6. Reduce your tax

Everyone must pay their fair share of taxes, but there’s no reason you should pay a penny more. In fact, ensuring you pay what’s required—and only what’s required—is a key part of financial planning. To plan properly, think of your taxes in short-, mid- and long-term buckets. The first is your annual taxes. Know your deductions, such as pension splitting and child care, and your credits such as medical expenses, then make sure you claim everything. The second bucket is your RRSP and TFSA—determine which tax-sheltered account is best for you—while the last part involves minimizing estate taxes.

People tend to focus more on the first two buckets but Cynthia Kett, a CFP at Stewart & Kett Financial Advisors, says estate planning should start as soon as your assets exceed your liabilities. Estate planning is about protecting your assets from the tax man if something were to happen to you, she says. “Estate planning assumes the worst will happen and that [it] could happen right now.”

Mistakes

1. People don’t deduct all they can. This is crucial to tax reduction—miss a credit or deduction and you’re paying more than you need to.

2. They don’t keep receipts. If you’re audited, you’ll need to provide receipts. Credit card statements don’t cut it.

3. They’re too late with their estate. Estate planning can be complicated and needs to be done well before retirement.

Tips

1. With so many hard-to-remember tax credits and deductions, keep a master list of what’s claimable.

2. Creating a will is always important, but it can also help get the estate conversation started.

3. Name beneficiaries on your RRSP and TFSA and your savings won’t be subject to estate taxes.

7. Don’t buy too much house

4 rules of real estate

It’s a lifestyle purchase

Buy a house to live in because you like it, not because you want to get rich off it. No one knows what the market will be when it comes time to sell. It’s shelter first and foremost.

But you can make money off real estate

Again, we’re not talking capital gains, but rather monthly income from renting out a basement or a room. Buying a property to rent out can be a wise investment, too, if it’s in a popular or up and coming area.

Determine rental yield

When it comes to rental properties, it’s important to calculate yield. Take annual rental income and divide it by purchase price. Add in expenses to get a more accurate picture. Every area generates a different yield, so do the math to understand what kind of income you can expect.

Be mortgage-free in retirement

A mortgage sucks up a lot of income and that can be detrimental to someone who’s not making money. At least be mortgage-free on your principal residence; it’s OK to owe money on an income property if those payments are covered.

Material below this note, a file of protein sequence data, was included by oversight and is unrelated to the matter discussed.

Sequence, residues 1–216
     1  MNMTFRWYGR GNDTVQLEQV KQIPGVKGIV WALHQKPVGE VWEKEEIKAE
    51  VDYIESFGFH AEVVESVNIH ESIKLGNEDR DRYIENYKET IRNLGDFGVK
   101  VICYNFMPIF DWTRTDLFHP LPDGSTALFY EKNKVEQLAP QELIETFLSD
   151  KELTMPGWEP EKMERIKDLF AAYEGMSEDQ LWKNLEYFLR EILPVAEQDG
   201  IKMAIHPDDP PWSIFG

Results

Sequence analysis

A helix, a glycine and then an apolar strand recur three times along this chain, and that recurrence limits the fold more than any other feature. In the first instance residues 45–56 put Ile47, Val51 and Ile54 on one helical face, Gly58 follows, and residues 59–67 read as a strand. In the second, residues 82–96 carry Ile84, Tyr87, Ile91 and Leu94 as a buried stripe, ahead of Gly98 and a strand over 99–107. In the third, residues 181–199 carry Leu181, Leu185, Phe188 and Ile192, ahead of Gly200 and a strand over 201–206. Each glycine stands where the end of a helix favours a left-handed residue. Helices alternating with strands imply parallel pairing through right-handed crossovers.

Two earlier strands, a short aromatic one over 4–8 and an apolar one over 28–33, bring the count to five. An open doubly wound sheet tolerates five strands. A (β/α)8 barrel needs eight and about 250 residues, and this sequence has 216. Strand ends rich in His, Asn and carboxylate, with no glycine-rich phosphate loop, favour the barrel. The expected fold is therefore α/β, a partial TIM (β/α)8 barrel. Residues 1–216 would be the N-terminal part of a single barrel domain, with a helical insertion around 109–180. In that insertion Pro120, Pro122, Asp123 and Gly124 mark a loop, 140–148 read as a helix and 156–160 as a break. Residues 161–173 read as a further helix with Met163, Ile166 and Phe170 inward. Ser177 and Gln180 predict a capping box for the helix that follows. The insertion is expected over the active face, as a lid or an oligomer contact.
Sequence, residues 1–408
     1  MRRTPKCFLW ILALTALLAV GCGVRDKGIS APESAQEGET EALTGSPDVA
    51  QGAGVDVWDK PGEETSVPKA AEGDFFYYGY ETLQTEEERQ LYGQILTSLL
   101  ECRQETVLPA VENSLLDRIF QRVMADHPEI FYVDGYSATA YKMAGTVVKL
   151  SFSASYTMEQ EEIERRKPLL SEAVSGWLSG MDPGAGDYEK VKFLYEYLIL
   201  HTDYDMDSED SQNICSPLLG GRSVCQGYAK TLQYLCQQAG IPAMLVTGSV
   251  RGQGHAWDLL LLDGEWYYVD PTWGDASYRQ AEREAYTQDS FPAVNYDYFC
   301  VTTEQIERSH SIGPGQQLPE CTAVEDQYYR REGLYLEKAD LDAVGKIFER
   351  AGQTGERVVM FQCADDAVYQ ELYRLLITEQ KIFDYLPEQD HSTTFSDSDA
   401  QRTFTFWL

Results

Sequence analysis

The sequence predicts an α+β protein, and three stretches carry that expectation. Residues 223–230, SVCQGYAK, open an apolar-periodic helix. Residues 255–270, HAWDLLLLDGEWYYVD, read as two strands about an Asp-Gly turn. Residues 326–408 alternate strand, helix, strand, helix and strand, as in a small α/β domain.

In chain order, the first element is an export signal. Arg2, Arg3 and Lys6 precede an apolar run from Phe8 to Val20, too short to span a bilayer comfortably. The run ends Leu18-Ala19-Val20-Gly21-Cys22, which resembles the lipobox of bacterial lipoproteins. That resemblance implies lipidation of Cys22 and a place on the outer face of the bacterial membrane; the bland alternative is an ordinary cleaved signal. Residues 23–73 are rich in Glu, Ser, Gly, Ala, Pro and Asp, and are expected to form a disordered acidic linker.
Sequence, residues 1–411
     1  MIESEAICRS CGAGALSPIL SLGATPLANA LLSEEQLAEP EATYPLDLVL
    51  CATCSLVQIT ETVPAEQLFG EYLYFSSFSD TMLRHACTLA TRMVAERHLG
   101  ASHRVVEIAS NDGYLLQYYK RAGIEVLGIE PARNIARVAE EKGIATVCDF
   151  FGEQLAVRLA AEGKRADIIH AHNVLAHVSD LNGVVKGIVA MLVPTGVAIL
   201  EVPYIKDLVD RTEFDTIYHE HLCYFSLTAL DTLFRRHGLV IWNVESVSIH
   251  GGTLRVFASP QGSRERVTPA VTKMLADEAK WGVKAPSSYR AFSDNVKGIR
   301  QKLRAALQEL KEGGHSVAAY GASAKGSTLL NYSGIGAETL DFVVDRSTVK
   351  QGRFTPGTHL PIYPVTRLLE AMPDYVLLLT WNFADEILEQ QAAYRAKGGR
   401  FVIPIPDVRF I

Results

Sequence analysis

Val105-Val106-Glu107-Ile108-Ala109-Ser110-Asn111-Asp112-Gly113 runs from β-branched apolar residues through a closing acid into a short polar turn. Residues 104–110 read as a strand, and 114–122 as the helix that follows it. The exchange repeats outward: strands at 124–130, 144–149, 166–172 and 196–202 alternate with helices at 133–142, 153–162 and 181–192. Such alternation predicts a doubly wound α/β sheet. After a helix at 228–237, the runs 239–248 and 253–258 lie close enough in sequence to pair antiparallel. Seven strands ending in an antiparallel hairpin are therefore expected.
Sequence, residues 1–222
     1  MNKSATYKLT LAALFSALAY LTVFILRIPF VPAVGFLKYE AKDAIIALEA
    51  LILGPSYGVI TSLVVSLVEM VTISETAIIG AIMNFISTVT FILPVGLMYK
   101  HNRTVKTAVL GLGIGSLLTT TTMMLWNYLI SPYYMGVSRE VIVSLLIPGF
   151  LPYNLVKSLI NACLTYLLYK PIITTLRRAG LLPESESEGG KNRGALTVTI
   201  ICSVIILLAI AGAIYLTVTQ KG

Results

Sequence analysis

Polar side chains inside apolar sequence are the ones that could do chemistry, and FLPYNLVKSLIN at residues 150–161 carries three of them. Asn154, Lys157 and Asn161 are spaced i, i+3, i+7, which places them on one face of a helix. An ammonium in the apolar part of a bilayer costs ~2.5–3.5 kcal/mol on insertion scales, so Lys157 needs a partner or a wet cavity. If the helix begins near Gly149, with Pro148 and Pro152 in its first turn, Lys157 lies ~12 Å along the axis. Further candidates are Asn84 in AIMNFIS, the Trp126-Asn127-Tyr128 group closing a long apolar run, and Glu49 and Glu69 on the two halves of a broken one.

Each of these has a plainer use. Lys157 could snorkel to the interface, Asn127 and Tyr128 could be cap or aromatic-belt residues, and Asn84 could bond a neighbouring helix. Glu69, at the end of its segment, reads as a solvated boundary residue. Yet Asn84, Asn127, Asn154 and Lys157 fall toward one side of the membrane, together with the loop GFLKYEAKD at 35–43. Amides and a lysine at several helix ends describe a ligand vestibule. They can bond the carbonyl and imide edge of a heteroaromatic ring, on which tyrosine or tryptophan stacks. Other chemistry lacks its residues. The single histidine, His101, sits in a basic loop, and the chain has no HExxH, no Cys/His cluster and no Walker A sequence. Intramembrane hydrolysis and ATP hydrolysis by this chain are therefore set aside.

8. Play the long game

The stock market may be a volatile place these days, but you still need to invest if you want to grow your nest egg. Overall, expect a 6% annual rate of return, says Rechtshaffen, but there are ways to squeeze out more gains. First, pay attention to fees. A $100,000 investment earning 4% a year for 20 years would reach almost $210,000 with an annual fee of 0.25% (easy to do with an index-tracking exchange-traded fund), but the total would be $30,000 less at a fee of 1% (most equity mutual funds would charge about twice that). Canadians also need to stop being homers: Most of our market is concentrated in energy, materials and financials—and such heavy weightings can lead to trouble. Rechtshaffen’s portfolios typically have 20% Canadian equities and 20% in alternative assets (mostly private debt, but could include infrastructure assets and real estate). These holdings are typically long-life assets that generate an income and aren’t as correlated to equity and bond markets.

Mistakes

1. Investors let emotions guide investing decisions, which can result in selling low andbuying high. Use logic instead, says Plaskett.

2. People don’t think about what a company should be worth. Experts compare stock valuations to figureout where the business should be trading at.

3. They get swayed by the noise. Don’t get caught up in what the TV pundits are saying. Do your own homework.

Tips

1. Long-term investing allows your money to compound year after year.

2. Short-term trading is different than investing for the future.

3. You can pay an advisor to help you invest, but make sure you’re getting value for those fees.

9. Your real retirement

These days, 65 is just a number, not a retirement age. In fact, many people are working well into their 60s and 70s, some because they need to, but many because they want to. Others are retiring early—Heath has clients who want to punch their last clock in their 40s. Retirement can happen at any time, if you plan for it.

Start thinking about when you want to retire as early as possible, says Heath. The plan doesn’t have to be set in stone, but at least it gives you something to work towards. His clients who want to retire early have been working as hard as they can and are living more frugally than they otherwise would. Many of his still-working older clients have enough money saved, and are now deciding what todo with all the extra cash. Another reason to start early: You’ll need time to figure out what to do in retirement. You might start a new business, drive for Uber, or travel the world. That takes planning, too.

Mistakes

1. People don’t realize that plans get derailed. An illness, a job loss or some other life event could force you to retire early or work longer than expected.

2. There’s too much focus on saving. You need money in retirement, but if you don’t live a little during your working years, you’ll be too nervous to spend later, says Heath.

3. They think they can flip a retirement switch. Most can’t quit cold turkey. Consider part-time work to ease you into retirement.

Tips

1. Save more than you think you’ll need—if you’re forced to stop working early, you’ll be covered.

2. Modelling is a must. Plug in various assumptions to see how you’ll meet your retirement goals.

10. Teach your kids

It’s never too early to start teaching your kids about money. While it might seem secondary to everything else they need to learn, the more they know now the better off they’ll be in the future, says Kett. Start by giving them an allowance. About $1 to $2 a week for a four or five-year-old—enough for them to buy a small treat—is appropriate and increase it a little bit every year from there. Soon enough, they’ll start prioritizing their wants and needs and will understand that if they want something they must save for it. “Just establishing that kind of thinking in a child can be helpful to them later in life,” she says. This is important for any child, but it’s crucial for children with wealthier parents. It’s difficult for the child who can get what they want whenever they want to start saving and spending wisely. The key, says Kett, is to teach children that money is a limited resource. “Once they know that then they realize that they need to earn money to get what they want,” she says.

Illustrations by Jason Ford

This article originally appeared in the January 2017 issue of MoneySense Magazine and was nominated for a 2018 National Magazine Award.